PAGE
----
Do not think of him as dead

The life and service of Ronald Poulton Palmer received a worthy tribute at St Stephen’s Church in Reading, where he had run a club for boys before the war. he was buried in France, close to where he fell, but this memorial service was well attended locally.

RONALD POULTON PALMER.

A Service in honour of the life and death of Lieut. Ronald W. Poulton Palmer, 4th Royal Berks Regiment, killed while on duty in France, May 5th 1915, was held in S. Stephen’s Church on Sunday night, May 16th. All the old members of the Albert Road Lads’ Club- which he ran so successfully – except the 21 serving with the Colours, were present, as were his father, brother and sister, and very many friends from the Factory [Huntley & Palmer’s biscuit factory, to which he was one of the heirs] and elsewhere. At the desire of all who knew and loved him, the note of triumph and victory were predominant; and this determined the choice of the hymns, the singing of which was so marked a feature of the service. The address was based on the thought of further service in a greater sphere. Some of us will never forget him, for it was indeed upon the winning background of a true humility and a noble character that his great gifts were set.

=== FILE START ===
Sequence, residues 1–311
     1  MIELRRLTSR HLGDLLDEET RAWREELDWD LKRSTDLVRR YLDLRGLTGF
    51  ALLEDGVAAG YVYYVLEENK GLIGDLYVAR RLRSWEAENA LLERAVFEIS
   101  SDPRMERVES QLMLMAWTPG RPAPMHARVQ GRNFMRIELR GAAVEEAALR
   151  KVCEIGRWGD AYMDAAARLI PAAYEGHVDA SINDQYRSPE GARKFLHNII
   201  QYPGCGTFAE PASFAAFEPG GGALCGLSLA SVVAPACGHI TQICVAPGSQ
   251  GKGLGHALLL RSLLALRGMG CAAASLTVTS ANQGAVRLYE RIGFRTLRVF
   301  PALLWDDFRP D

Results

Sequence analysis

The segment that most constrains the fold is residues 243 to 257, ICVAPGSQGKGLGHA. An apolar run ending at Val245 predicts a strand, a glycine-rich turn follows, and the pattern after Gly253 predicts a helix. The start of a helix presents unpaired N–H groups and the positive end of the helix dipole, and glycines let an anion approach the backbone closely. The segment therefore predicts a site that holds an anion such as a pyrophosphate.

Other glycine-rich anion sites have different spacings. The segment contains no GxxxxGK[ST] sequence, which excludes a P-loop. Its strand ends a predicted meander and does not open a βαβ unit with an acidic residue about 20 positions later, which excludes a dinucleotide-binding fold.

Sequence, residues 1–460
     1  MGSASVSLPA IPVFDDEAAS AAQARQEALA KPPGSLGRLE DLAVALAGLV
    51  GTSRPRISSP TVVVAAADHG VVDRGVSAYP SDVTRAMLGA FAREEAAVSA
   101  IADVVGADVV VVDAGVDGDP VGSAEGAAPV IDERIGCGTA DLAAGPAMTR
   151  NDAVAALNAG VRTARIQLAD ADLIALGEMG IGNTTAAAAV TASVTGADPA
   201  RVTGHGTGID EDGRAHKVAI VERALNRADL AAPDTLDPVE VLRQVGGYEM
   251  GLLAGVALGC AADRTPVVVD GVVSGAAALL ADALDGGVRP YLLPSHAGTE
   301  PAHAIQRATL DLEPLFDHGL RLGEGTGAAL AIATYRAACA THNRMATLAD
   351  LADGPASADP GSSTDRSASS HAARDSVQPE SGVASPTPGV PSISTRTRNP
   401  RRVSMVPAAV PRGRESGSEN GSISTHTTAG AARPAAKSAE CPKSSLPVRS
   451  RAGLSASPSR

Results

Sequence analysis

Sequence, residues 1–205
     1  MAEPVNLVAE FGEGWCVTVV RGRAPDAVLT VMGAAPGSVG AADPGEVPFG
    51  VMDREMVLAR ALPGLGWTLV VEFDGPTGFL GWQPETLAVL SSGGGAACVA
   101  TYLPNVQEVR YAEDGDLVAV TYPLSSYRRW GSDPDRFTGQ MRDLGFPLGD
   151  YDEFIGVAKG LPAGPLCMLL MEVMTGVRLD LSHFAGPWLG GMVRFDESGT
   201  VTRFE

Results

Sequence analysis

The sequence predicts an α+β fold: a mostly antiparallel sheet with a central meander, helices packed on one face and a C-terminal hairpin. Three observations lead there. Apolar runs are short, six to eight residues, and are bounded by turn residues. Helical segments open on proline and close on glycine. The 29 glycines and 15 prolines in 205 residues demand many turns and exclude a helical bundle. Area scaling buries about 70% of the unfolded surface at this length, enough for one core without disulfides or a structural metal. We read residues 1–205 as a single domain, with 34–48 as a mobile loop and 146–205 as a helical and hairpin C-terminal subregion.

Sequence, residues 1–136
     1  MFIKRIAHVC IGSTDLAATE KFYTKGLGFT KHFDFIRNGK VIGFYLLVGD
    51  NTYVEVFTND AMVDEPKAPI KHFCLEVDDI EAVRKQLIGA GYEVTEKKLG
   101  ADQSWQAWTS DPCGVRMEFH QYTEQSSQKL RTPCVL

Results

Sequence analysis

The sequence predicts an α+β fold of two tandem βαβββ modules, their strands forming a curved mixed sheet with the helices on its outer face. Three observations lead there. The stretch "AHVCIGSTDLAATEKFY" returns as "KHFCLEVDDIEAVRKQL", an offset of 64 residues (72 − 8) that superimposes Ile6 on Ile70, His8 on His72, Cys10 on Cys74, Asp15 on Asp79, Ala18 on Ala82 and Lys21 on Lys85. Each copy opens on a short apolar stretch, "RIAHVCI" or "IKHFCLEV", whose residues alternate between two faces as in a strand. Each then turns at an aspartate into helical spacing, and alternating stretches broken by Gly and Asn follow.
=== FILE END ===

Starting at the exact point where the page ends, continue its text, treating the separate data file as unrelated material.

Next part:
The following is a verbatim report of the close of the vicar’s sermon at St Stephen’s, kindly furnished by Mr E. M. Tull:

“When I say we are here to honour his memory, I may leave a wrong impression, and as I close I want to correct it. When we speak of honouring his memory, we do not think of him as if he was now unconscious or as if it was all over with him. What did that bullet do that released him from this life? It threw him further into the arms of God; it meant to him his promotion; it opened up for him a wider field of service. It would be blasphemy to think that God looked after people who came safely through a battle and forgot those who were killed. A bullet has no power to take a man out of communion with God, to rob him of life. In the truest and deepest sense it can only project him nearer God and further into that eternal life which has already begun for those who are in communion with Christ. So do not think of him as dead tonight, but think of him in Paradise. ‘His servants shall serve Him and they shall see His face.’ Someone has said

‘It is not well that men should know too soon
The lovely secrets kept for them that die.’
But this is no secret, for it is revealed to us.

‘His servants shall serve Him and they shall see His face’. The message of Ascensiontide comes home to us with power tonight…. We know that our friend, Ronald Palmer, has received at His hands the crown of life.”

Reading St John and St Stephen parish magazine, June 1915 (D/P172/28A/24)

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